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Purpose:For individuals with mild cognitive impairment (MCI), memory loss may prevent successful engagement in exercise, a key factor in preventing additional disability. The Resources and Activities for Life Long Independence (RALLI) program uses behavioral principles to make exercise more accessible for these individuals. Exercises are broken into small steps, sequenced, and linked with cues to help participants remember them. Memory aids, easy-to-follow instructions, and tracking forms to facilitate adherence and proper technique are provided to enhance exercise training and compensate for memory loss.Design and Methods:Thirty-seven individuals (M age = 81.9, SD = 5.8, range 70%–96; 78% women) participated in RALLI pilot groups held in retirement residences. Attendance was excellent, with participants attending 90% of classes.Results:At post-test (12 weeks), 84% of participants had exercised at least once during the prior week, compared with 62% who had exercised at least once during the week prior to baseline (p < .001), mean exercise time increased by 156 min per week (p < .0001), and SF-36 physical components scale significantly improved (p < .002). After 6 months, 76% of participants continued exercising (p < .003) and mean exercise time remained significantly improved (p < .0001).Implications:Persons with MCI can significantly benefit from an exercise program specifically designed to address their cognitive needs. Participants’ ratings indicate improvement in perceived physical health and emotional well-being as a result of the intervention. Thus, RALLI is a promising intervention to promote exercise in individuals with MCI.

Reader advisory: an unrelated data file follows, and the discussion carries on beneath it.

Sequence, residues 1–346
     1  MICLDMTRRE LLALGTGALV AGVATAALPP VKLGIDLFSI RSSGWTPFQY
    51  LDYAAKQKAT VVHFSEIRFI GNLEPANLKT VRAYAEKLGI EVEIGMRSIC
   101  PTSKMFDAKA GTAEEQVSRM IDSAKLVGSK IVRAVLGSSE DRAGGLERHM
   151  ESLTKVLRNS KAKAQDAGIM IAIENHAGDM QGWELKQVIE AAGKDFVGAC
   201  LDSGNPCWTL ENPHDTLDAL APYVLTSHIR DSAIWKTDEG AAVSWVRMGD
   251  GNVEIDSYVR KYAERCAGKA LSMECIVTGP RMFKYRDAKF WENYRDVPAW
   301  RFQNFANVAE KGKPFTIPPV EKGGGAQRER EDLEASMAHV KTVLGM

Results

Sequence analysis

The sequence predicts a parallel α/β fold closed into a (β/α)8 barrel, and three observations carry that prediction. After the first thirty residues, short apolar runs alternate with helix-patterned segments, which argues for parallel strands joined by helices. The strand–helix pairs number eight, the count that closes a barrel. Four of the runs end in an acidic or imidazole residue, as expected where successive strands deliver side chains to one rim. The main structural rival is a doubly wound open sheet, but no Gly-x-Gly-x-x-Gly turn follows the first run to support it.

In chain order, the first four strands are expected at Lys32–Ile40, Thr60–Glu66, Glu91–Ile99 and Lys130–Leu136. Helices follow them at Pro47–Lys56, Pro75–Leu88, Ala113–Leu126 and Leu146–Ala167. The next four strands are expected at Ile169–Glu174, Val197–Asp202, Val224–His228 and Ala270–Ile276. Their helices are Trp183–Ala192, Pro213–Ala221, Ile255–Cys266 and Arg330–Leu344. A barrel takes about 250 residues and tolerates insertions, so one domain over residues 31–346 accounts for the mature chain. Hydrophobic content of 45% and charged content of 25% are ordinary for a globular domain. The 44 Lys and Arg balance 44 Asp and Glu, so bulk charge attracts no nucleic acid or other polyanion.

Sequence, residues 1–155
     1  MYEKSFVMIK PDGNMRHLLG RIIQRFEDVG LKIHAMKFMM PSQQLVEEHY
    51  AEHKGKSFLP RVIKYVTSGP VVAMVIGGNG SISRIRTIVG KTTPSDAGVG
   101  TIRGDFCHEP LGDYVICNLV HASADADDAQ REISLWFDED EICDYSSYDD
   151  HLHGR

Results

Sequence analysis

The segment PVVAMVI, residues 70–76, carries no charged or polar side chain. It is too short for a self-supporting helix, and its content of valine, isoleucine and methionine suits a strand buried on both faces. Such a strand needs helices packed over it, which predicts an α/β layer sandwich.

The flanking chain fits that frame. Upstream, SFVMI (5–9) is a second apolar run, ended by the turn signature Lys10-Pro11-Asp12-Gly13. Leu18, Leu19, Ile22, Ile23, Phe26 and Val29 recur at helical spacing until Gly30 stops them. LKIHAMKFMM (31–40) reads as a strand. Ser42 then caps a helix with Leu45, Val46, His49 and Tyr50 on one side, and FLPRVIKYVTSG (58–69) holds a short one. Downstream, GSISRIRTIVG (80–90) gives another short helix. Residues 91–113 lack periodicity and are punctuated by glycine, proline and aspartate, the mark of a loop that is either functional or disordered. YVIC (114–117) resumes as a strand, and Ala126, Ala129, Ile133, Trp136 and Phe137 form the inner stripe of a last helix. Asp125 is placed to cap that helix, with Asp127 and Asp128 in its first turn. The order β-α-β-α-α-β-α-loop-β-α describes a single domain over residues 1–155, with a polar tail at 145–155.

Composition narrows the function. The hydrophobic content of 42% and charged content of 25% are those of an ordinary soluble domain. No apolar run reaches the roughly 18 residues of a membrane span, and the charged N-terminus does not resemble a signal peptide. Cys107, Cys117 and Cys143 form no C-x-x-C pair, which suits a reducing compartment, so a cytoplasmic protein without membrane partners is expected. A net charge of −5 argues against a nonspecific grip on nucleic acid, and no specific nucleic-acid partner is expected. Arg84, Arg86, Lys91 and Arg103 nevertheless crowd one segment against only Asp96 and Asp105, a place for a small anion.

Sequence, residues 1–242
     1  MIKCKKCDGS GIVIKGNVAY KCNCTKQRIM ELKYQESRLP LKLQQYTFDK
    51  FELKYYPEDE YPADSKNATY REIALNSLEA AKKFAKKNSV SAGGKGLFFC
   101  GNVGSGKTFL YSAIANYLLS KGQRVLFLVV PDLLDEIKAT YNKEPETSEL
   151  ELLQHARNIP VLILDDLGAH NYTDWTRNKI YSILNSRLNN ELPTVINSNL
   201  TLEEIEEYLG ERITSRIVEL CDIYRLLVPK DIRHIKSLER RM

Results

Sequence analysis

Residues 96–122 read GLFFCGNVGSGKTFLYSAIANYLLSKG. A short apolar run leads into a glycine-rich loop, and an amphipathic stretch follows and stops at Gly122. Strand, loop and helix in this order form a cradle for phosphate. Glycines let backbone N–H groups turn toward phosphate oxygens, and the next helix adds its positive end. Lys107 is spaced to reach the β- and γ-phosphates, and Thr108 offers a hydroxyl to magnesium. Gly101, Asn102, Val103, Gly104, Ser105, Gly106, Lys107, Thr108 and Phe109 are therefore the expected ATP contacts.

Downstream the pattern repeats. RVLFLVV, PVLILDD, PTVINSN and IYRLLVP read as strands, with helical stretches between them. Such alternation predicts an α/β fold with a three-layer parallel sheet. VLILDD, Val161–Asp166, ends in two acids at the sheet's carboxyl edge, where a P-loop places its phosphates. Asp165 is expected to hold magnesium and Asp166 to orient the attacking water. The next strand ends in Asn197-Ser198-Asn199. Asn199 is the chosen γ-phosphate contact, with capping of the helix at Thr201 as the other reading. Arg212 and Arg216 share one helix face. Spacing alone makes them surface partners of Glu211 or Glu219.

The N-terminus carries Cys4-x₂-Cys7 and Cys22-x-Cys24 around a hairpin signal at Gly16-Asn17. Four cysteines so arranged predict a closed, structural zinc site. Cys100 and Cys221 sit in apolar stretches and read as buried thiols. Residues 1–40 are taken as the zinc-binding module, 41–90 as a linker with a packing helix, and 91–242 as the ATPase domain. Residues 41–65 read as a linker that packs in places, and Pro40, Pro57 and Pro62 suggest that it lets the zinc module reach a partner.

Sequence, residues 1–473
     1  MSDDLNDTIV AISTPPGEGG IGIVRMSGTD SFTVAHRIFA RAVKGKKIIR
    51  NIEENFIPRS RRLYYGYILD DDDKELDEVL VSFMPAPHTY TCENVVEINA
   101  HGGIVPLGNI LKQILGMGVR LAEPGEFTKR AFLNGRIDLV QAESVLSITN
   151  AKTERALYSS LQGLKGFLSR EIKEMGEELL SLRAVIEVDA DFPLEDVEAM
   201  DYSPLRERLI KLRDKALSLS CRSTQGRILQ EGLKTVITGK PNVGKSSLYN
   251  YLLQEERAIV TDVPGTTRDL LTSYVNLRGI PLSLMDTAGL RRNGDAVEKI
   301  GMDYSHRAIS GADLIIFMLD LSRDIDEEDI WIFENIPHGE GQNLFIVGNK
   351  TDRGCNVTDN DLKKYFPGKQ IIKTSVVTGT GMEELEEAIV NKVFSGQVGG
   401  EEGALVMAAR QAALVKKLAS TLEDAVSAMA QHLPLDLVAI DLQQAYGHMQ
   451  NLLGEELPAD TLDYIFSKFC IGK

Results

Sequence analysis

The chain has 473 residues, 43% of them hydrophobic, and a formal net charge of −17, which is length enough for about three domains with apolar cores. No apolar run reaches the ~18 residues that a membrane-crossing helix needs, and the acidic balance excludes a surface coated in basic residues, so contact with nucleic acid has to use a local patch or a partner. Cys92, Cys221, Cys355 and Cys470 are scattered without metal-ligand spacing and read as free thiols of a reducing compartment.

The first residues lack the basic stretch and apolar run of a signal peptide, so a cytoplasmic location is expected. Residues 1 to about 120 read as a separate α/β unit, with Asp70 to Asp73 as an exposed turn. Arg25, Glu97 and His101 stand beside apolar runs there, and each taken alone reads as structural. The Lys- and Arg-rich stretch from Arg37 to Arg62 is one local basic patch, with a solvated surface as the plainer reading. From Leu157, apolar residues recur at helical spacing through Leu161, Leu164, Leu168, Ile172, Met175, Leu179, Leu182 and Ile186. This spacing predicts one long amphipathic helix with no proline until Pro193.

There is strong evidence from epidemiological studies that a history of exercise or physical activity is associated with delayed onset and progression of dementia in older adults. For example, a longitudinal investigation of community-residing adults aged 55 years and older found that worse cardiorespiratory fitness at baseline was associated with lower cognitive function 6 years later. Controlling for demographic and health-related differences, fitness was strongly associated with measures of global cognitive function, attention, and executive function (such as problem-solving skills and abstract reasoning; Barnes, Yaffe, Satariano, & Tager, 2003). In the Canadian Study of Health and Aging, women who exercised at least three times a week at an intensity more vigorous than walking had a significant reduction in incident cognitive impairment (50%) and incident Alzheimer's disease (60%) over a 5-year time period (Laurin, Verreault, Lindsay, MacPherson, & Rockwood, 2001). In the Honolulu-Asia Aging Study, physically capable men aged 71–93 years who walked less than 0.25 miles per day had a 1.8-fold increased risk of developing dementia over a 6-year follow-up period than men who reported walking more than 2 miles per day (Abbott et al., 2004). Larson and colleagues (2006) found that people older than 65 years who reported exercising three or more times per week had a significantly decreased risk of developing dementia or Alzheimer's disease over a 6-year follow-up period (age- and sex-adjusted hazard ratio = 0.63, p = .004). Finally, Colcombe and colleagues (2003) found that brain tissue loss in the frontal, parietal, and temporal cortices was associated with lower cardiovascular fitness, suggesting a possible biologic basis for the reported benefits of exercise on cognitive functioning.